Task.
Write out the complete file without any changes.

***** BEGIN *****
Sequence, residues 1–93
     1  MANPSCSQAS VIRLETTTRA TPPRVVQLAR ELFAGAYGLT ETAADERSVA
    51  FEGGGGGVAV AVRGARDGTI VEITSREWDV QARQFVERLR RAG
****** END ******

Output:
Sequence, residues 1–93
     1  MANPSCSQAS VIRLETTTRA TPPRVVQLAR ELFAGAYGLT ETAADERSVA
    51  FEGGGGGVAV AVRGARDGTI VEITSREWDV QARQFVERLR RAG